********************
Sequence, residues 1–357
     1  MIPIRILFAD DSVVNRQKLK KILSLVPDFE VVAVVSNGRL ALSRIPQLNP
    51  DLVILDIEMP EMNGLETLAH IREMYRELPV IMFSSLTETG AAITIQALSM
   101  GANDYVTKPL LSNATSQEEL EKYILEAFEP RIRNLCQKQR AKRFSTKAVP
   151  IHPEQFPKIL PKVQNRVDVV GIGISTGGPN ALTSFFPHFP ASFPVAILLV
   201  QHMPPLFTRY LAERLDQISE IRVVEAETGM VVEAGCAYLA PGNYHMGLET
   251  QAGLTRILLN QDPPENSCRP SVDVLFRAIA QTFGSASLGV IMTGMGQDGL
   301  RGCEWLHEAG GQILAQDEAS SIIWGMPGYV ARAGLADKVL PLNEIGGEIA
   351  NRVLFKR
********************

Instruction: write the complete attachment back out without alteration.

Sequence, residues 1–357
     1  MIPIRILFAD DSVVNRQKLK KILSLVPDFE VVAVVSNGRL ALSRIPQLNP
    51  DLVILDIEMP EMNGLETLAH IREMYRELPV IMFSSLTETG AAITIQALSM
   101  GANDYVTKPL LSNATSQEEL EKYILEAFEP RIRNLCQKQR AKRFSTKAVP
   151  IHPEQFPKIL PKVQNRVDVV GIGISTGGPN ALTSFFPHFP ASFPVAILLV
   201  QHMPPLFTRY LAERLDQISE IRVVEAETGM VVEAGCAYLA PGNYHMGLET
   251  QAGLTRILLN QDPPENSCRP SVDVLFRAIA QTFGSASLGV IMTGMGQDGL
   301  RGCEWLHEAG GQILAQDEAS SIIWGMPGYV ARAGLADKVL PLNEIGGEIA
   351  NRVLFKR